Thursday, November 29, 2007

to set a fox to keep the geese, to trust the cat to keep the cream

HAHAHAHAHA! Lot's of laughter!:
"EU's Solana says Musharraf has taken "step in right direction"
Nov 29, 2007, 16:27 GMT
"Javier Solana, the European Union\'s foreign policy chief, on Thursday described Pakistan President Pervez Musharraf\'s honouring of his commitment to step down as chief of Army staff as \'a step in the right direction.\' But the EU\'s chief diplomat also renewed his request for Musharraf to lift the state of emergency and hold parliamentary elections in January. \'Today, President Pervez Musharraf has been sworn in for a new term as President of Pakistan after he honoured his commitment and stepped down as Chief of Staff of the Army yesterday. This is a step in the right direction that will help Pakistan to return to the path of democracy,\' Solana said, "whose official title is EU High Representative for the Common Foreign and Security Policy. "
© 2007 dpa - Deutsche Presse-Agentur'; LINK
(farmer:) oh and they forgot that Solana himself is also current boss of EU military
(or EDSA/EDA Chief and WEU Secretary-General), and propably will stay so after his next election in 7 days: see here on page 4:(Link to pdf-file)
in this context Solana seems to get even more power now:
"Kosovo: UN and EU look at next move after talks collapse

"2007, New York, 29 Nov. (AKI) – United Nations secretary-general Ban Ki-moon and the European Union's foreign policy chief Javier Solana are looking for a new way to break the deadlock over the future of Kosovo after the collapse of talks on Wednesday.While details of the talks were not made public, negotiations centred
on the replacement of the UN administration in Kosovo (UNMIK) by European officials.

But negotiations on the status of the province, which has been under UN control since 1999, have stalled. The 16,000-strong NATO-led international forces stationed in Kosovo (KFOR) have been reinforced by 550 German soldiers now stationed in the northern part of the province, populated mostly by minority Serbs. The UN negotiating troika, consisting of US diplomat Frank Wiesner, European Union’s Wolfgang Ischinger and Russia’s Aleksandar Bocan Harcenko, is due to submit a report to Ban by 10 December.But Kosovo's future is uncertain and Ban was quoted as saying the situation was “difficult”.Meanwhile, the Kosovo issue has disappeared from the front pages of Serbian newspapers - only daily Glas javnosti said in a front page banner that big powers, which support Kosovo 's independence, were “playing big games” over the future of the province.There has been speculation in Belgrade that ethnic Albanians would declare independence with the support of the United States and most EU countries, and that Serbian officials were contemplating how to respond to it.... ”. LINK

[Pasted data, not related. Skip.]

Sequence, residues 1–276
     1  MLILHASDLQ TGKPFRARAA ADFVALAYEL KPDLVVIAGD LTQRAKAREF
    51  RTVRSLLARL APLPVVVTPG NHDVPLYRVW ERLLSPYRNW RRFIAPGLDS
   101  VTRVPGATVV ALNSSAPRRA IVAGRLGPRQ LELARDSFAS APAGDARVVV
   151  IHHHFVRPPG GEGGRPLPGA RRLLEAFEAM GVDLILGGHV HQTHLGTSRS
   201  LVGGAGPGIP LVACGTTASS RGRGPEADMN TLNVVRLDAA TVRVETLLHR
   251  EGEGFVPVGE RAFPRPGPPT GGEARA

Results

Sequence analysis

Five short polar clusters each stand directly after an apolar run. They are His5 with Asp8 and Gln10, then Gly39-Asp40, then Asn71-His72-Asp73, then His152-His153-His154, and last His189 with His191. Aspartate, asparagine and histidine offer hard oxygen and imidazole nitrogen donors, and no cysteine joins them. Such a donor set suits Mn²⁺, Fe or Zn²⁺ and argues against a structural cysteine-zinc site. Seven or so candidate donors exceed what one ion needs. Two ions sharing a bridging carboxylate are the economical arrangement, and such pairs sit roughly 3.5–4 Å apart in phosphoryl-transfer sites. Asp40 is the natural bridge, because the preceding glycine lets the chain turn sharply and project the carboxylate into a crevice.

"Albanian President Bamir Topi met on Wednesday, November 21st, with EU foreign policy chief Javier Solana to discuss the Kosovo status issue, the current political climate in Albania, and reforms necessary to join the EU.
Solana said he hopes Albania joins as soon as possible, stressing that integration is in the hands of the politicians who know they must start implementing necessary reforms

"During the recent talks, Serbia had offered the province autonomy but the Kosovo-Albanians, encouraged by the United States, were unwilling to compromise and have insisted on nothing short of independence. Serbia is insisting that any unilateral declaration would violate international law and is drawing up plans which may include embargos and blockades. Serbia and Russia claim an independent Kosovo could trigger a domino effect in the region.
German papers are united in accepting that Kosovo will eventually declare independence and warn that this could have serious consequences for the region and for the European Union's foreign policy.
The left-leaning Berliner Zeitung writes:
"Kosovo ... will declare independence unilaterally, probably in the spring. The politicians in the West will be able to say that they had wanted a different development and did everything conceivable to achieve that -- but things are the way they are. And it will then be time to quickly recognize this reality: the state of Kosovo...."